9) U.S. Producer

When Ashley returned to the U.S. he decided to sell his movie theaters and take a year off. He seems to have lost his enthusiasm for acting by this stage – he had only appeared in one American film during the past decade – a mediocre Western, Smoke in the Wind (1975), which was little seen and is remembered if at all for being the last movie of Walter Brennan. “Acting was something I fell into,” Ashley later admitted. “I enjoyed it. It was fun. But I have to be honest with you, I was never terribly devoted to it…. To get up at six am and drive out to Indian Dunes and get hit with a face full of sea air, then slam on makeup… I don’t miss it.”

However, he had fallen in love with producing. “Producing is so rewarding, so all-encompassing,” he said. “To be involved in the production of something, it’s the whole thing. From the script and casting, which I really enjoy, then the physical production and the post production, which is the most fun. Hiring composers, scoring, the dubbing, mixing… I find all these elements more enjoyable than acting.”

Ashley decided to move to Los Angeles, where he produced some TV films for Robert Conrad, a fellow sixties teen idol and an old friend (they had acted together several times): Coach of the Year (1980) and Will: The Story of G. Gordon Liddy (1982).

This led to an offer to work for Stephen J Cannell, one of the leading writer-producers on television at the time, resulting in Ashley producing the TV series, The Quest (1982), which only had a short run, and The A Team (1983-87), which became a spectacular hit and (over time) an icon of eighties popular culture. Ashley provided the narration for the opening credits and made an occasional cameo in the show, which is probably the most commercially successful project he was ever associated with.

He never recaptured the success of The A Team but kept busy producing until the end of his life, notably on series in collaboration with Frank Lupo; his credits included Werewolf (1987), Something Is Out There (1988), Hardball (1989), Gladiator School (1990), Journey to the Center of the Earth (1993), and some seasons of Walker Texas Ranger.

Fred Olen Ray, an admirer of Ashley’s who became a close friend, lured the producer out of acting retirement for a small part in the comedy Invisible Mom (1996). Ashley was producing a feature film, Scar City, when a heart attack killed him in 1997. He was only 62 years old, but he had packed in a hell of a lot during that time.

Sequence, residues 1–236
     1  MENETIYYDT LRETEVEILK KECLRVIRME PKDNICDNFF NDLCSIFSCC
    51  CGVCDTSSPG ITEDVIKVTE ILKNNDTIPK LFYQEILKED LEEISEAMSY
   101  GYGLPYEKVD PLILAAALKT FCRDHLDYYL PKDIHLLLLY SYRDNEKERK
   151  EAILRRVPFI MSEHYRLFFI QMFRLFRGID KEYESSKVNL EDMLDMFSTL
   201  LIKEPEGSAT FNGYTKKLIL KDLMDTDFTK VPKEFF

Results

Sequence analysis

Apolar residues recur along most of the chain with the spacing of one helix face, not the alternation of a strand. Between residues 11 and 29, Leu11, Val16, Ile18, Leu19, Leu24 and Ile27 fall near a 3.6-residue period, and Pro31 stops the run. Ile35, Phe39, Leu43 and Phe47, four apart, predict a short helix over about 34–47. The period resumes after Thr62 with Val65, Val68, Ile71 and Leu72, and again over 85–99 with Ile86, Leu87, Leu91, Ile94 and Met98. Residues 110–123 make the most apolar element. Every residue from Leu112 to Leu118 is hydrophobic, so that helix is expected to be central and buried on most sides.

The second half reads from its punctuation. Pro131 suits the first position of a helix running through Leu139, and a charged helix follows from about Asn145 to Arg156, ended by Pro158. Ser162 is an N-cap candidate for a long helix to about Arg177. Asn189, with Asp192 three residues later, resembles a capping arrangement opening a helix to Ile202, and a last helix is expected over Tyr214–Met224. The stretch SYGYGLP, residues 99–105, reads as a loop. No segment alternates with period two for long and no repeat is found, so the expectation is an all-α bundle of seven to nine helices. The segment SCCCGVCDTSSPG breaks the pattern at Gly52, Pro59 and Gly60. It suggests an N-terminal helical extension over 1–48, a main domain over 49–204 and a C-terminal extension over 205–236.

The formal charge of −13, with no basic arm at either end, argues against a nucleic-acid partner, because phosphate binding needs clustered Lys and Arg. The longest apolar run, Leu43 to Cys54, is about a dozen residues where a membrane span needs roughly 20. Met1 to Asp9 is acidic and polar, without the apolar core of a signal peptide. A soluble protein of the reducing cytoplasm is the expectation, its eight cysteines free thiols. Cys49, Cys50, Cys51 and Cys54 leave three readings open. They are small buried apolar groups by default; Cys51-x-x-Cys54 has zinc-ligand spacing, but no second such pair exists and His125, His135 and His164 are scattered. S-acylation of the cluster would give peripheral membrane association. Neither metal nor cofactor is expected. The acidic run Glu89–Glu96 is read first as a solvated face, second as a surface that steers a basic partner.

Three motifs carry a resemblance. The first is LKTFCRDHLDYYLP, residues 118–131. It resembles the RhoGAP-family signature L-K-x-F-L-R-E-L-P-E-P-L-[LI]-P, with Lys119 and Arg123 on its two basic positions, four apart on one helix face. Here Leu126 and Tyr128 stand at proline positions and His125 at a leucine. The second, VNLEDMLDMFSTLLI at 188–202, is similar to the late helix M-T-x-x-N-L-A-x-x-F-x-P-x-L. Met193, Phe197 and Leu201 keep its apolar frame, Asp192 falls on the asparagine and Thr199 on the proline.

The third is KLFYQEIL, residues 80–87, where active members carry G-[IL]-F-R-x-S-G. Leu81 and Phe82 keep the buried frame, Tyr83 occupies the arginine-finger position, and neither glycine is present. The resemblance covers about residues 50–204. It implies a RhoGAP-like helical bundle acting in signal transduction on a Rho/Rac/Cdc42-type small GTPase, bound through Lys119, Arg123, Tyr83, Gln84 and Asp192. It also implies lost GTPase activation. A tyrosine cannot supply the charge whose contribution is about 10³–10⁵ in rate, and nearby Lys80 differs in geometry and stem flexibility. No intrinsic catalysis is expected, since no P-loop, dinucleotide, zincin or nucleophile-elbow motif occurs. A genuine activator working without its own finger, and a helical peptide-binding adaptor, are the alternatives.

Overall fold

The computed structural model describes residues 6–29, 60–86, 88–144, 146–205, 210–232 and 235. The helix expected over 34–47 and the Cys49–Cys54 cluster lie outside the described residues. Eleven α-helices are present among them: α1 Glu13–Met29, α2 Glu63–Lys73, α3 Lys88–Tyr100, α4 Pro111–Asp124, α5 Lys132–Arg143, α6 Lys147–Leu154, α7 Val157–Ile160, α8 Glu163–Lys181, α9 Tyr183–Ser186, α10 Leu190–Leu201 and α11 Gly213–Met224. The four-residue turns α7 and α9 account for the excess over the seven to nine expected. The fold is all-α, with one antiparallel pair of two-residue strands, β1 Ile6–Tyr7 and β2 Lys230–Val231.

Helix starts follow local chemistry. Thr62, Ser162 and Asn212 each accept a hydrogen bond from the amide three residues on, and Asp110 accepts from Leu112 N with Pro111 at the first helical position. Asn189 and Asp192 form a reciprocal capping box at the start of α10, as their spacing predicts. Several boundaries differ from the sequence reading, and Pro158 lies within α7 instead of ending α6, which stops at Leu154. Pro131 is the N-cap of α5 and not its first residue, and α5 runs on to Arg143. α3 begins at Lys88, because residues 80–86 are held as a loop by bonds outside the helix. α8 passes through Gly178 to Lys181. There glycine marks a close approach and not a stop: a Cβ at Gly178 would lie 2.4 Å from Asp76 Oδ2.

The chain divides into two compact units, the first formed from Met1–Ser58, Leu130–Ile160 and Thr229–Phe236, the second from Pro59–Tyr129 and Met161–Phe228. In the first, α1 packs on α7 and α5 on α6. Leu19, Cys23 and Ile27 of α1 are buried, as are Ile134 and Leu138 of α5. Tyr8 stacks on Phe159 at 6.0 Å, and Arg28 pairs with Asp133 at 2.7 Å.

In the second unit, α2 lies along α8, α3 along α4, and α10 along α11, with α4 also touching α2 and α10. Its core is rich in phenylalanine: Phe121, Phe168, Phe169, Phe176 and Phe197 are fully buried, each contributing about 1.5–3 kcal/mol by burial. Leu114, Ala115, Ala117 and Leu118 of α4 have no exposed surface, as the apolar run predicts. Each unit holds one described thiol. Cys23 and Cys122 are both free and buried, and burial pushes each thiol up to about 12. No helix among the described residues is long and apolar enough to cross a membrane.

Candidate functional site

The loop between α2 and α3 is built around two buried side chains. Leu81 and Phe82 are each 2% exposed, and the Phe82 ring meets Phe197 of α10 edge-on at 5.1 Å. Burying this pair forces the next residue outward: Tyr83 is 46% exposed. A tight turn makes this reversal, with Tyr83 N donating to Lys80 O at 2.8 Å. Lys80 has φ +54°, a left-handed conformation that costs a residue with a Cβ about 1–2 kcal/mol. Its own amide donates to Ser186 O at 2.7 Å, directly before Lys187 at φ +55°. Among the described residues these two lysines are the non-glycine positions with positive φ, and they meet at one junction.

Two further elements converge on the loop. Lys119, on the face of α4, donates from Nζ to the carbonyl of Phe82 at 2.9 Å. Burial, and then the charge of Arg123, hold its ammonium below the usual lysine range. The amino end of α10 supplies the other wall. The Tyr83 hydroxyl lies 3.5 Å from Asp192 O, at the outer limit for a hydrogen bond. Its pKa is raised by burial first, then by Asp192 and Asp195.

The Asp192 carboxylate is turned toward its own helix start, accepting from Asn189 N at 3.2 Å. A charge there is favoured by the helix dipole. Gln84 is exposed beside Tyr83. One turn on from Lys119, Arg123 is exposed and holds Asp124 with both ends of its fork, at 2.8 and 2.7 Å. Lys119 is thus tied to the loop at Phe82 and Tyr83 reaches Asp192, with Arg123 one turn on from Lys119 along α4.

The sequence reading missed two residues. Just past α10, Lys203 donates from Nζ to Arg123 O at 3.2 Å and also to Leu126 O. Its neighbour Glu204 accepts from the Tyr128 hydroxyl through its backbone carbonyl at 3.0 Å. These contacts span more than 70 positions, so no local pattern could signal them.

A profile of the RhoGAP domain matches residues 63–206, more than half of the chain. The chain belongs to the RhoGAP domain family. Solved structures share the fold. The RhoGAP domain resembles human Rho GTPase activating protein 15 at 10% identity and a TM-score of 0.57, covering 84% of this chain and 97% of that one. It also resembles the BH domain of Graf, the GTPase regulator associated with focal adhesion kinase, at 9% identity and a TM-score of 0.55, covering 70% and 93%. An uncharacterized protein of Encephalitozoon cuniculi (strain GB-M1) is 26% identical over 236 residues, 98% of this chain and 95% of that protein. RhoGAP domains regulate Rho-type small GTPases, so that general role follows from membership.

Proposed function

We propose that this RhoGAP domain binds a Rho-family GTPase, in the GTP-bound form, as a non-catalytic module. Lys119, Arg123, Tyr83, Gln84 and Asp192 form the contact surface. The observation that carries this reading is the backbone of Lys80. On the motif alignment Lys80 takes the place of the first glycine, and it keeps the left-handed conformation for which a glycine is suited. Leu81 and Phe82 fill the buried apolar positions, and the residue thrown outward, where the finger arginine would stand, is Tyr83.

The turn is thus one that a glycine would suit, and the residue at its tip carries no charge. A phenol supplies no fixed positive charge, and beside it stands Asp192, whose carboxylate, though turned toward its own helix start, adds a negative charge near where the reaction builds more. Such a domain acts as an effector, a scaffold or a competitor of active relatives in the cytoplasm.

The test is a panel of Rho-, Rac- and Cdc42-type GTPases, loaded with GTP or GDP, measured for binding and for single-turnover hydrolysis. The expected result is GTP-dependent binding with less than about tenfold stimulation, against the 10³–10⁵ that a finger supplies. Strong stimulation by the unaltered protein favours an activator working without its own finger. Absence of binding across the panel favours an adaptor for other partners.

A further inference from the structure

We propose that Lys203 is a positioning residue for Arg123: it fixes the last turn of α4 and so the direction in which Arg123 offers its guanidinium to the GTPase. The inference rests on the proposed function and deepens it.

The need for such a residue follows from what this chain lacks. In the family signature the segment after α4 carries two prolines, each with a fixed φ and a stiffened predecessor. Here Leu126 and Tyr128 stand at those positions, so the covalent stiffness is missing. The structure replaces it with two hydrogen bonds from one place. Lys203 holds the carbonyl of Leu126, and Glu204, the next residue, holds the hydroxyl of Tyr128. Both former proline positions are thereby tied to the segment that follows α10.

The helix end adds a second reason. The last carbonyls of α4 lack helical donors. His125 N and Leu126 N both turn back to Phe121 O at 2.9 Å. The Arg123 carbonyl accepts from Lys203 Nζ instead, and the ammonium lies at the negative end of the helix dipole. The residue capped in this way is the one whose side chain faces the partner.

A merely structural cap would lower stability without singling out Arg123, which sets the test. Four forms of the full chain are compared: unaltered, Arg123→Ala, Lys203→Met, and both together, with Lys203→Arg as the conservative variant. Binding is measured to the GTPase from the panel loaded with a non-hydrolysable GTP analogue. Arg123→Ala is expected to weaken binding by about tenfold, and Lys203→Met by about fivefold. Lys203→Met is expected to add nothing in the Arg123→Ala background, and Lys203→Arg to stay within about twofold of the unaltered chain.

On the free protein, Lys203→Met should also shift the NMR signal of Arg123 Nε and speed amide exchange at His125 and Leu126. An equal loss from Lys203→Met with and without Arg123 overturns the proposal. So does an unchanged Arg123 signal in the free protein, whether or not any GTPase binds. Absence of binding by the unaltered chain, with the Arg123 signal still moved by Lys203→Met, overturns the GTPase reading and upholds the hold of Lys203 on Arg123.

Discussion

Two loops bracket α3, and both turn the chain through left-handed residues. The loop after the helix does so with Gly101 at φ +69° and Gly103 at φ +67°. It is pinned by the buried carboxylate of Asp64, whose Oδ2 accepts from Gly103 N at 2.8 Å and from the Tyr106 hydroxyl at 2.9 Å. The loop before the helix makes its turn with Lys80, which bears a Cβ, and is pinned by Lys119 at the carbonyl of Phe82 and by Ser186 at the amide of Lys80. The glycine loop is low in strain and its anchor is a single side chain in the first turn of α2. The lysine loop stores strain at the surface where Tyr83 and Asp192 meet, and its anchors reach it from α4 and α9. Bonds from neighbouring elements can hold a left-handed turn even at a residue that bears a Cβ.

In many ways John Ashley was extremely lucky. He was raised by a well-off family in a first world nation, and was blessed by nature with beauty and a decent enough singing voice; he had a “look” that Hollywood was interested in at the time (i.e. a quasi-Elvis appearance), and he was fortunate to make relationships in the Philippines right before the film boom there.

But other people have also been given these sort of opportunities and failed to take advantage of them the way Ashley did. He worked hard, was smart and not afraid to try different things, whether it was acting, singing, exhibition, or producing. He wasn’t a hugely-talented performer, but he made the most of what gifts he had. He was clever enough to go into business with more experienced partners he could learn from – Earl Snyder for exhibition, Eddie Romero for film production, Frank Lupo and Stephen Cannell for television production – and what’s more, he did it in territories he knew well (the Philippines, Oklahoma, Los Angeles), instead of unfamiliar environments.  He was incredibly important to the Philippine film boom of the seventies – it was his contacts in distribution that led to a second Mad Doctor film there, and then it was his experience in the country that encouraged Roger Corman to shoot The Big Doll House there.

Ashley was rewarded with a career that not only made him rich and semi-famous but left him with a CV that includes three genuine classics (Hud, 2001, Apocalypse Now), one of the most iconic TV series of all time (The A Team), and key movies in some beloved cult genres (delinquents-and-cars AIP films, Philippine horror movies, the Beach Party series).

A hell of a career.

A hell of a life.